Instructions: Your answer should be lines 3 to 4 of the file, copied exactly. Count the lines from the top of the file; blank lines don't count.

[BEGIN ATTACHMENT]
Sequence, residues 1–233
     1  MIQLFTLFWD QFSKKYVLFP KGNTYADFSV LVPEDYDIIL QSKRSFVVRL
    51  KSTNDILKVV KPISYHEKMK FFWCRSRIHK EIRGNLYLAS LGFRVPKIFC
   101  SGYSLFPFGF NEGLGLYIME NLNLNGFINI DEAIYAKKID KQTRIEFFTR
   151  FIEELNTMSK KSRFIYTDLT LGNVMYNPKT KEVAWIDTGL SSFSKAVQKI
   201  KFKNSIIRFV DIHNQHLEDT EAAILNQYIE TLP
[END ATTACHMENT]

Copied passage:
    51  KSTNDILKVV KPISYHEKMK FFWCRSRIHK EIRGNLYLAS LGFRVPKIFC
   101  SGYSLFPFGF NEGLGLYIME NLNLNGFINI DEAIYAKKID KQTRIEFFTR